What’s wrong with saying the phrase, "What is wrong with you?" to children or adolescents? Nothing, if your tone is compassionate and you are wondering if they want to share their feelings with you.
But that is far different from what we hear all too often when a parent is exasperated with a child, throwing up their hands in desperation, and asking this question. Then it becomes a question that indicates a defect in the child’s being.
Not something we want to do, right?
There are no perfect parents and we are constantly learning and growing and we all make mistakes. But I vote for curbing this phrase when we are upset with kids.
When a trusted adult—a person upon whom the child is dependent for everything—indicates that something is wrong with the child, a child will internalize this and believe it. They will ask themselves what is wrong with them—and they won’t be able to find the answer. They may rely on their limited life experience and knowledge, and likely come up with something that is wrong, and that can have a lasting effect. Sometimes it will be something quite broad, like, “I am not good enough,” or, “I am a bad person.” The devastation of these kinds of internalized messages can take a lifetime to get over, even with therapy.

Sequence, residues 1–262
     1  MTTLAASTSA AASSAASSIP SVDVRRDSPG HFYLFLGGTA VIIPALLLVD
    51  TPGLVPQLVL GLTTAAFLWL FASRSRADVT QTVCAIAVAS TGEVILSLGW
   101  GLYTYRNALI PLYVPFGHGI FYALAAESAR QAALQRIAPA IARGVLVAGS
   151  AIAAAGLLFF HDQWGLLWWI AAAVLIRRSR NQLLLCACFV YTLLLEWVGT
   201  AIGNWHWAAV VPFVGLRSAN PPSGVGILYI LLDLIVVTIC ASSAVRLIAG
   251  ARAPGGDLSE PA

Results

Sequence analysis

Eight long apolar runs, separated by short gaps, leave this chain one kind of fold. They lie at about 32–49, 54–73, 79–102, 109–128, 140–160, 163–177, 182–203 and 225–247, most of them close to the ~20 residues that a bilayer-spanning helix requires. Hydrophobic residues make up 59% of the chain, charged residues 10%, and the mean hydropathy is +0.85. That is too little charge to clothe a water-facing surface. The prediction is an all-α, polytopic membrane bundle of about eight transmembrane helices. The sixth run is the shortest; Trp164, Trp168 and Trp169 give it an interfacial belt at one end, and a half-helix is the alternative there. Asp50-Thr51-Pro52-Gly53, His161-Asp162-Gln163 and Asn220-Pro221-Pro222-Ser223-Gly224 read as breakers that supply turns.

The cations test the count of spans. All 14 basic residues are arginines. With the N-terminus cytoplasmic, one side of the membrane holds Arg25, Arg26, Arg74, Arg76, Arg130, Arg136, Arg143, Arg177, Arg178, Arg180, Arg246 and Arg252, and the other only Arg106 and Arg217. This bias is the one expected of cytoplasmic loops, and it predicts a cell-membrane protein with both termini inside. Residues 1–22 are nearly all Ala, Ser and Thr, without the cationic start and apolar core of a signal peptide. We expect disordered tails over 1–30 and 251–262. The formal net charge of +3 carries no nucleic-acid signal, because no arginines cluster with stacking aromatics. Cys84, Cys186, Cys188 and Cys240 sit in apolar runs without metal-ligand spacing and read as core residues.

What to do instead?
Speak directly about a behavior you are concerned about, but continue to let the child know that they are special and that you love them. You just don’t like a certain behavior and you want them to address that or work on it. Don’t globalize to their whole being and create shame. Shame is tough for kids or adults to carry around and a difficult thing to get over.
Let’s talk examples:
What is wrong with you?, when used with exasperation, is a phrase I would put in the shaming and humiliating category and it can have long-lasting effects. Fortunately, it’s an easy one for us to be aware of and fix. Sometimes simple tips and awareness can make the most difference. Remembering how we talk to children is important, as it is part of what forms the way kids view themselves.
Alice Miller puts it another way: “We produce destructive people by the way we are treating them in childhood.”
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